Fujifilm X100 vs Panasonic TZ200
The Fujifilm FinePix X100 and the Panasonic Lumix DC-TZ200 (labelled Panasonic ZS200 in some countries) are two digital cameras that were revealed to the public, respectively, in September 2010 and February 2018. Both the X100 and the TZ200 are fixed lens compact cameras that are based on an APS-C (X100) and an one-inch (TZ200) sensor. The Fujifilm has a resolution of 12.2 megapixels, whereas the Panasonic provides 20 MP.
Below is an overview of the main specs of the two cameras as a starting point for the comparison.
|Fujifilm X100||Panasonic TZ200|
|Fixed lens compact camera||Fixed lens compact camera|
|35mm f/2.0||24-360mm f/3.3-6.4|
|12.2 MP, APS-C Sensor||20 MP, 1" Sensor|
|720/30p Video||4K/30p Video|
|ISO 200-6400 (100-12800)||ISO 125-12800 (80-25600)|
|Electronic viewfinder (1440k dots)||Electronic viewfinder (2330k dots)|
|2.8" LCD, 460k dots||3.0" LCD, 1240k dots|
|Fixed screen (not touch-sensitive)||Fixed touchscreen|
|5 shutter flaps per second||10 shutter flaps per second|
|No shake reduction||In-body stabilization|
|300 shots per battery charge||370 shots per battery charge|
|126 x 75 x 54 mm, 445 g||111 x 65 x 45 mm, 340 g|
Going beyond this snapshot of core features and characteristics, what are the differences between the Fujifilm FinePix X100 and the Panasonic Lumix DC-TZ200? Which one should you buy? Read on to find out how these two cameras compare with respect to their body size, their imaging sensors, their shooting features, their input-output connections, and their reception by expert reviewers.
An illustration of the physical size and weight of the Fujifilm X100 and the Panasonic TZ200 is provided in the side-by-side display below. The two cameras are presented according to their relative size. Three consecutive perspectives from the front, the top, and the back are available. All size dimensions are rounded to the nearest millimeter.
The TZ200 can be obtained in two different colors (black, silver), while the X100 is only available in black.
If the front view area (width x height) of the cameras is taken as an aggregate measure of their size, the Panasonic TZ200 is notably smaller (24 percent) than the Fujifilm X100. Moreover, the TZ200 is markedly lighter (24 percent) than the X100. In this context, it is worth noting that neither the X100 nor the TZ200 are weather-sealed.
Concerning battery life, the X100 gets 300 shots out of its NP-95 battery, while the TZ200 can take 370 images on a single charge of its DMW-BLG10 power pack. The power pack in the TZ200 can be charged via the USB port, which can be very convenient when travelling.
The adjacent table lists the principal physical characteristics of the two cameras alongside a wider set of alternatives. If you would like to visualize and compare a different camera combination, just use the right or left arrows in the table to switch to the respective camera. Alternatively, you can also navigate to the CAM-parator app and make your selection from the full list of cameras there.
|Fujifilm X100»||5.0 in||3.0 in||2.1 in||15.7 oz||300||n||Sep 2010||1,199||-||Fujifilm X100|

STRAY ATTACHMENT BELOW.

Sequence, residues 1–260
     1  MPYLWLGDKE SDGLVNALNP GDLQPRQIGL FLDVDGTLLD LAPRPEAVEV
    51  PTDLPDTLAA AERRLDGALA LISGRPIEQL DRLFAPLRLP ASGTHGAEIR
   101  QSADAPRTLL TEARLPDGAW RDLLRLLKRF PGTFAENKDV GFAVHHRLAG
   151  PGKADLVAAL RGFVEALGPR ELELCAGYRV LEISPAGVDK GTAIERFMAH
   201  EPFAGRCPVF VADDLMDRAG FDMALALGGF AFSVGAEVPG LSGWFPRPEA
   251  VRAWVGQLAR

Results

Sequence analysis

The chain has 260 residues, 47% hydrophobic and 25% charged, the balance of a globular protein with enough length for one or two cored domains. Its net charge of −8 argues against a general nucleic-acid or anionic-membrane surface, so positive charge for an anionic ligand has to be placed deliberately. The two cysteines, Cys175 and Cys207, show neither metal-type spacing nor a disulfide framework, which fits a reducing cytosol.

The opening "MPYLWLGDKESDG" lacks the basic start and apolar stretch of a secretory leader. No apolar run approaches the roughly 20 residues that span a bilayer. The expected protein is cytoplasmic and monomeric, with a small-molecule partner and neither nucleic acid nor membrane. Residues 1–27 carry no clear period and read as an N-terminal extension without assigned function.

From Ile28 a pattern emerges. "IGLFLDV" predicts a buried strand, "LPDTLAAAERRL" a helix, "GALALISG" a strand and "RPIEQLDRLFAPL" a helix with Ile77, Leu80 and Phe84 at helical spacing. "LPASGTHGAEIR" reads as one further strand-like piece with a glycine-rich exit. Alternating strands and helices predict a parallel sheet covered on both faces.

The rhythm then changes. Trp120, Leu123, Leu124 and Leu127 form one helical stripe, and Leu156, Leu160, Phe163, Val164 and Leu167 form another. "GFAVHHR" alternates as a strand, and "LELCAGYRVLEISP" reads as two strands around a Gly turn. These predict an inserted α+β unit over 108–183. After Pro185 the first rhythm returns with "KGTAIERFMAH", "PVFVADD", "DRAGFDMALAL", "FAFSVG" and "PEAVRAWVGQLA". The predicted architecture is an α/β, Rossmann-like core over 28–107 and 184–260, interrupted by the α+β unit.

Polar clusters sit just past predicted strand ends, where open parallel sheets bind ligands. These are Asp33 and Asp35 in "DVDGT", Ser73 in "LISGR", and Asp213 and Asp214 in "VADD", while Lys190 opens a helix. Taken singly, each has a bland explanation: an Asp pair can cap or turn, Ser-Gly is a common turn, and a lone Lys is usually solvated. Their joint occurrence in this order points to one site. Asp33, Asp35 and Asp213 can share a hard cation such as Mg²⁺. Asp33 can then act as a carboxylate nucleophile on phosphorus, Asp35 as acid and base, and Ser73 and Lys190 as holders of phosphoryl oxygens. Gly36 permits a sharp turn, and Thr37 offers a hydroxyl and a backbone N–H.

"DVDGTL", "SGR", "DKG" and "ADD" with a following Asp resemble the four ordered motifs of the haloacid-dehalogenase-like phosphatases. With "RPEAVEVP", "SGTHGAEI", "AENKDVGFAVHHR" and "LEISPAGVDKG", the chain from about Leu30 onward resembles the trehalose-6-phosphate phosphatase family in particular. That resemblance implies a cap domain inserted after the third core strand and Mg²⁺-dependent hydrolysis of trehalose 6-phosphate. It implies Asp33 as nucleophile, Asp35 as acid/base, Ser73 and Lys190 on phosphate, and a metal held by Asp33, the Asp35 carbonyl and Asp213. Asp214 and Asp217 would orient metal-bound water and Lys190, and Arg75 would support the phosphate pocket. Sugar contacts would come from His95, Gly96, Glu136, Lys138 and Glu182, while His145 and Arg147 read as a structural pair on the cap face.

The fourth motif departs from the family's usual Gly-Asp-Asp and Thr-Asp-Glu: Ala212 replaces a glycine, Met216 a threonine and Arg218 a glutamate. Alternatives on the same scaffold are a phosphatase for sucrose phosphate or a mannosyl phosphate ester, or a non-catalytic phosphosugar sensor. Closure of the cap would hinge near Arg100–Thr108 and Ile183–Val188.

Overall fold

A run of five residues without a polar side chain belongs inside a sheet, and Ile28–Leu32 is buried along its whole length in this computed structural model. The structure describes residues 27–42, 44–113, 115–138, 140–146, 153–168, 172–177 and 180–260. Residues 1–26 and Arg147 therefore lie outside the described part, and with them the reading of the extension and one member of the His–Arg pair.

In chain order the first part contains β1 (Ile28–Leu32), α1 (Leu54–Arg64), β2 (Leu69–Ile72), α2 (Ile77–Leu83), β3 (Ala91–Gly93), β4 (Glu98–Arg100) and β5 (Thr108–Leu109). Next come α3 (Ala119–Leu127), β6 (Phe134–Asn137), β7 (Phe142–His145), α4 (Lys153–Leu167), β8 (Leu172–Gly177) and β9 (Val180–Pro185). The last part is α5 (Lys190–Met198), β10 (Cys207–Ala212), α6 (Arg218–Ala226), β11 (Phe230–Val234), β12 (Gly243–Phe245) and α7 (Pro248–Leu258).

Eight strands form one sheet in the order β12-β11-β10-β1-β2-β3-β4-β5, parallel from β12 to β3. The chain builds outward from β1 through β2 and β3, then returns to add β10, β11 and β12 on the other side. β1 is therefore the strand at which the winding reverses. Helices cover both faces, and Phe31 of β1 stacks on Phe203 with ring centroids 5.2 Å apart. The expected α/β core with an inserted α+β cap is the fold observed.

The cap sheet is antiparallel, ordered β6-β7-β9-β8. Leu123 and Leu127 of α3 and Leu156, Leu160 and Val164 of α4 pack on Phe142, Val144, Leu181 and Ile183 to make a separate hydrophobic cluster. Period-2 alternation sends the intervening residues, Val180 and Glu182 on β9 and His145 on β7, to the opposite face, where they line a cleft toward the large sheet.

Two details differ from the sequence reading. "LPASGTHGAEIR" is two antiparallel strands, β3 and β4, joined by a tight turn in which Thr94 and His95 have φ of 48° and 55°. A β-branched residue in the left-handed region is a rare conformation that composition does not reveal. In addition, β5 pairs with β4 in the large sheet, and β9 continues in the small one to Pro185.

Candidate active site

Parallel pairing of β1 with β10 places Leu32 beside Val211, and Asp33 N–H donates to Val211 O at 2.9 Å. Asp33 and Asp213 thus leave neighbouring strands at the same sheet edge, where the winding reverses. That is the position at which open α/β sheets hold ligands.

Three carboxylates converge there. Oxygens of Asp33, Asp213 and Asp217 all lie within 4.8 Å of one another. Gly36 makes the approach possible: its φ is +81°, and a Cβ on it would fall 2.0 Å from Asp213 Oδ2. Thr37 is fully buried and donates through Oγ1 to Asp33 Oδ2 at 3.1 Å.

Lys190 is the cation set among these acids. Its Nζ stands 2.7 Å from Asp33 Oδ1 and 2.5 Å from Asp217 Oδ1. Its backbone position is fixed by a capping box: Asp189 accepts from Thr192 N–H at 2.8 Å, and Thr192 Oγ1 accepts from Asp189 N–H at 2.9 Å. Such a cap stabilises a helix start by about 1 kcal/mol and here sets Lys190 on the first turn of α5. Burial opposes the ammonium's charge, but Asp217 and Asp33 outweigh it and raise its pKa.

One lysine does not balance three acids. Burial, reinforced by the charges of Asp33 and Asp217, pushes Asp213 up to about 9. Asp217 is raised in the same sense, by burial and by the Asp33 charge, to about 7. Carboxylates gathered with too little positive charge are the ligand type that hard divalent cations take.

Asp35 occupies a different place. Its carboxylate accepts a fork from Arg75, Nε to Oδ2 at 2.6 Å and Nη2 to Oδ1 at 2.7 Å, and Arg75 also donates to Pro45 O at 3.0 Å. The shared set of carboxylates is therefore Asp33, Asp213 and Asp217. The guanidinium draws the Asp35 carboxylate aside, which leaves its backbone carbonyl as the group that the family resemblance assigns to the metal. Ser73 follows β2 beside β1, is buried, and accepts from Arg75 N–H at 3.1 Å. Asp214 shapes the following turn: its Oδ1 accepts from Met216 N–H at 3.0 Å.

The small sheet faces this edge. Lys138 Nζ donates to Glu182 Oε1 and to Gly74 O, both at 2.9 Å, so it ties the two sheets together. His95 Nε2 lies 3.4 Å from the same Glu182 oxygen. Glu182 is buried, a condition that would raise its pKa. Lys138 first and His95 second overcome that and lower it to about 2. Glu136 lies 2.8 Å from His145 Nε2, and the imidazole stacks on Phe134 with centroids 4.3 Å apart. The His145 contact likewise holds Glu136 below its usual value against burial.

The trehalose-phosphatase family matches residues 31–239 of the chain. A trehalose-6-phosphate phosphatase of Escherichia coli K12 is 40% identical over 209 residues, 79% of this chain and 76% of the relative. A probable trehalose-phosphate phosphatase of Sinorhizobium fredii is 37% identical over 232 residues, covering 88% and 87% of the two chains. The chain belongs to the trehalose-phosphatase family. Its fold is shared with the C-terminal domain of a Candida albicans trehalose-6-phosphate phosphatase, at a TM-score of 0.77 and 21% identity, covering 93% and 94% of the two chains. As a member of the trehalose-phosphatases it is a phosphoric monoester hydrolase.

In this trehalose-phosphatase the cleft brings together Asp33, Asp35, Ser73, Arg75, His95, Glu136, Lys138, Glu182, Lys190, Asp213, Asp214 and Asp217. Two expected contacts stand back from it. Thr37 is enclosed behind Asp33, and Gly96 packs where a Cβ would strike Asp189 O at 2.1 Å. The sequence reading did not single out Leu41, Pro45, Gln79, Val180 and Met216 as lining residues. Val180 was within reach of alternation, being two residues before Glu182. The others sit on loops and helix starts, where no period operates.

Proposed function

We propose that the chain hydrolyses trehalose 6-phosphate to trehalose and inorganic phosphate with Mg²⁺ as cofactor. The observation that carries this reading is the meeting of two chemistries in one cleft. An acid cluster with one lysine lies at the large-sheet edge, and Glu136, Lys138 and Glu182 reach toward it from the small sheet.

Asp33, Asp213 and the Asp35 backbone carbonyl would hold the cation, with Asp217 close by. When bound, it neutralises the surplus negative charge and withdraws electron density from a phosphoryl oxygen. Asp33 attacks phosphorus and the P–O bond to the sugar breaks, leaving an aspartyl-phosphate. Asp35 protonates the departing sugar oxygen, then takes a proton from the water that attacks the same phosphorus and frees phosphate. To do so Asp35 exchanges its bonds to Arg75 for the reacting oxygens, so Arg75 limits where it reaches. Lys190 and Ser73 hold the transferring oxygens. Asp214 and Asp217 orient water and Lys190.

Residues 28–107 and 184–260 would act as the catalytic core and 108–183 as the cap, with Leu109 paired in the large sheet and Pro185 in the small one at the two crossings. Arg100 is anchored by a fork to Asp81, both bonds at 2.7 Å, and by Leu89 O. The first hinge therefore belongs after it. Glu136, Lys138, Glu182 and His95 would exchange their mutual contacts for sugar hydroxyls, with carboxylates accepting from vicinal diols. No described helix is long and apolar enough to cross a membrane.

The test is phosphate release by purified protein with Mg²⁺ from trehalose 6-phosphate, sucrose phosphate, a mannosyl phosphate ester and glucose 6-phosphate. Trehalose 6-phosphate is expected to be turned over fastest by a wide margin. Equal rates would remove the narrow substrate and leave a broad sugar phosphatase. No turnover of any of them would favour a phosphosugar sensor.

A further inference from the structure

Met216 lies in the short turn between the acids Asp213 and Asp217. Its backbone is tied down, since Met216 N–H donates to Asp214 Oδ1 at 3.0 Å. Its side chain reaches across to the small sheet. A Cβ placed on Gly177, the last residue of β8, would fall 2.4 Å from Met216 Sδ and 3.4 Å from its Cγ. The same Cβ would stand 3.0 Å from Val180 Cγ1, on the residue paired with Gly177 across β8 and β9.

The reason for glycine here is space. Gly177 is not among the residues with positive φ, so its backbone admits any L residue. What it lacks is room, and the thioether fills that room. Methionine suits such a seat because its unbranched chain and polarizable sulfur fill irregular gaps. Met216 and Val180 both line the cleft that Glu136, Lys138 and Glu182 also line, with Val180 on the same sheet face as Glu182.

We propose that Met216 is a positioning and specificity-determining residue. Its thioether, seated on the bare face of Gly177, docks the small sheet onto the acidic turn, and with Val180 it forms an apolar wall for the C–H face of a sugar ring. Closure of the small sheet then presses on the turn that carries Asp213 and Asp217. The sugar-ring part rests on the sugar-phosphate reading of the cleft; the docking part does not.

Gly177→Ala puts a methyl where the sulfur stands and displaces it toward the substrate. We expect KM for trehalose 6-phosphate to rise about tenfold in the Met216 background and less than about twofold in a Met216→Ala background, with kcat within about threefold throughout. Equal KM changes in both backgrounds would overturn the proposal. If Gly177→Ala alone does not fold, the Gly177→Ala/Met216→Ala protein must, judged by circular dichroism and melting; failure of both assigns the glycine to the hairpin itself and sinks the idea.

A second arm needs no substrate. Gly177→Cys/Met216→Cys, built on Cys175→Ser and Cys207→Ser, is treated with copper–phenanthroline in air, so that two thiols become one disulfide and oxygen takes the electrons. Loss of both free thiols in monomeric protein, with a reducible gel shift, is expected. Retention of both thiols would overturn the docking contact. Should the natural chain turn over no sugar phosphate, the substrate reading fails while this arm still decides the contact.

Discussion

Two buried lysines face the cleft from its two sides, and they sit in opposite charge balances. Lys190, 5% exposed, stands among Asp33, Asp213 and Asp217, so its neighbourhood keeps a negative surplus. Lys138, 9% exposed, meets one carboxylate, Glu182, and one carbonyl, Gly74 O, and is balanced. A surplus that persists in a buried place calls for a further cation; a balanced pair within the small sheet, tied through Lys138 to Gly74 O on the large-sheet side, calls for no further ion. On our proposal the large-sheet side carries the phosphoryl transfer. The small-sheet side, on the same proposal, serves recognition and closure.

|Panasonic TZ200«||4.4 in||2.6 in||1.8 in||12.0 oz||370||n||Feb 2018||799||Panasonic TZ200|
|Canon G1 X« »||4.6 in||3.2 in||2.6 in||18.8 oz||250||n||Jan 2012||799||-||Canon G1 X|
|Fujifilm X100F« »||5.0 in||3.0 in||2.0 in||16.5 oz||390||n||Jan 2017||1,299||Fujifilm X100F|
|Fujifilm X30« »||4.7 in||2.8 in||2.4 in||14.9 oz||470||n||Aug 2014||599||Fujifilm X30|
|Fujifilm X100T« »||5.0 in||2.9 in||2.0 in||15.5 oz||330||n||Sep 2014||1,299||-||Fujifilm X100T|
|Fujifilm X100S« »||5.0 in||2.9 in||2.1 in||15.7 oz||330||n||Jan 2013||1,299||-||Fujifilm X100S|
|Leica D-LUX Typ 109« »||4.6 in||2.6 in||2.2 in||14.3 oz||300||n||Sep 2014||1,195||-||Leica D-LUX Typ 109|
|Nikon D3100« »||4.9 in||3.8 in||3.0 in||17.8 oz||550||n||Aug 2010||599||-||Nikon D3100|
|Nikon D3000« »||5.0 in||3.8 in||2.5 in||18.9 oz||500||n||Jul 2009||599||-||Nikon D3000|
|Panasonic GX9« »||4.9 in||2.8 in||1.9 in||14.4 oz||260||n||Feb 2018||849||Panasonic GX9|
|Panasonic TZ90« »||4.4 in||2.6 in||1.6 in||11.4 oz||380||n||Apr 2017||449||-||Panasonic TZ90|
|Panasonic LX15« »||4.2 in||2.4 in||1.7 in||10.9 oz||260||n||Sep 2016||699||Panasonic LX15|
|Panasonic TZ100« »||4.4 in||2.6 in||1.7 in||11.0 oz||300||n||Jan 2016||699||-||Panasonic TZ100|
|Panasonic FZ1000« »||5.4 in||3.9 in||5.2 in||29.3 oz||360||n||Jun 2014||899||-||Panasonic FZ1000|
|Panasonic LX100« »||4.5 in||2.6 in||2.2 in||13.9 oz||300||n||Sep 2014||899||Panasonic LX100|
|Sony NEX-7« »||4.7 in||2.6 in||1.7 in||14.1 oz||430||n||Aug 2011||1,349||-||Sony NEX-7|
|Note: Measurements and pricing do not include easily detachable parts, such as interchangeable lenses or optional viewfinders.|
Any camera decision will naturally be influenced heavily by the price. The manufacturer’s suggested retail prices give an idea on the placement of the camera in the maker’s lineup and the broader market. The TZ200 was launched at a markedly lower price (by 33 percent) than the X100, which puts it into a different market segment. Usually, retail prices stay at first close to the launch price, but after several months, discounts become available. Later in the product cycle and, in particular, when the replacement model is about to appear, further discounting and stock clearance sales often push the camera price considerably down. Then, after the new model is out, very good deals can frequently be found on the pre-owned market.